Probably not much of a problem for short text (a single word, very short headline, call-to-action button, …), but it can be an accessibility barrier if used for longer text.

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+1 for noting the inability to adjust the font size. Many users who have low vision issues do not use screen readers and could be limited by the text contained in the image. –  wootcat Oct 9 '13 at 16:12
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They also can't select the text to copy/paste it, and the behaviour for print stylesheets is not always desirable (e.g. an image that expects the background on the page to be dark as defined in CSS will print by default with no background at all). –  Kit Grose Oct 10 '13 at 7:06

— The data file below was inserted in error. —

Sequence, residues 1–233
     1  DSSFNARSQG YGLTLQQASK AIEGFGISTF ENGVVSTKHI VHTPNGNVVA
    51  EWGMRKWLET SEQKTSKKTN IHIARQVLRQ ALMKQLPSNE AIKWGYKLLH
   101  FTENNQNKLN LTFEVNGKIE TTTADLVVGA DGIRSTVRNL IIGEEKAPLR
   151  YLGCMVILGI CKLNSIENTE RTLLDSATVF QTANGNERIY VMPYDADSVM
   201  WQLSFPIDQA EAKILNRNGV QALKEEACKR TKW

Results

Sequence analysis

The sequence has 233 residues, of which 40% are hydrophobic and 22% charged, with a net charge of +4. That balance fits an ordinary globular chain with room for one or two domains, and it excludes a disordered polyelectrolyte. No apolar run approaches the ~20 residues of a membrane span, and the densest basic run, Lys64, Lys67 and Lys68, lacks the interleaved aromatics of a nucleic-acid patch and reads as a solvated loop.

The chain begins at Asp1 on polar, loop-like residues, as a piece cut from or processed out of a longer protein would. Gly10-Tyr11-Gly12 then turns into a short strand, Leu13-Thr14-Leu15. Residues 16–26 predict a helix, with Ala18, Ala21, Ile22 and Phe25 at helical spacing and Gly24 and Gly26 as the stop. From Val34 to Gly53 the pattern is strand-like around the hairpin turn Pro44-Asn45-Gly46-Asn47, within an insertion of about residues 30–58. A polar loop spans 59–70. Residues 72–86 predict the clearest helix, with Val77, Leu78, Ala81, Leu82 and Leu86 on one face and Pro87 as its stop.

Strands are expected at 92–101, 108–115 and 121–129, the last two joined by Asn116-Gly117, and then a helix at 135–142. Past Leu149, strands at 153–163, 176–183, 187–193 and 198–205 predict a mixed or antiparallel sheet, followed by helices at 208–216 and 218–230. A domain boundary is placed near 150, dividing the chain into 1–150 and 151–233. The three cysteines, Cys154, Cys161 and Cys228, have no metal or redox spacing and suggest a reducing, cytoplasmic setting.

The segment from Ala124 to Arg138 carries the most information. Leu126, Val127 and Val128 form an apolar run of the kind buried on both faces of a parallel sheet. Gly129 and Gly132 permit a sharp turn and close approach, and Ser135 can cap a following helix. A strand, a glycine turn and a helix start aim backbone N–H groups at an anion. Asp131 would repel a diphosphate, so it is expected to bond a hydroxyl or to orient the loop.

@KitGrose: Good point, I added it. –  unor Oct 10 '13 at 7:18
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I see no problem with it. I've never heard anyone say that it's a bad idea. But try to avoid or do the following:

  • making the entire content of a page an image (common mistake made by people who don't know what they are doing) -- this makes it hard for pretty much anything to parse, including search engines
  • try to avoid it as much as possible -- it's aways better to have text for things that images; it just makes it easier for everything (copying a chunk of text, SEO, etc, etc)
  • add both a an alt and title properties -- this ensures that when people roll over the image they will see the tooltip (because different browsers show different ones); I most do this on images that are links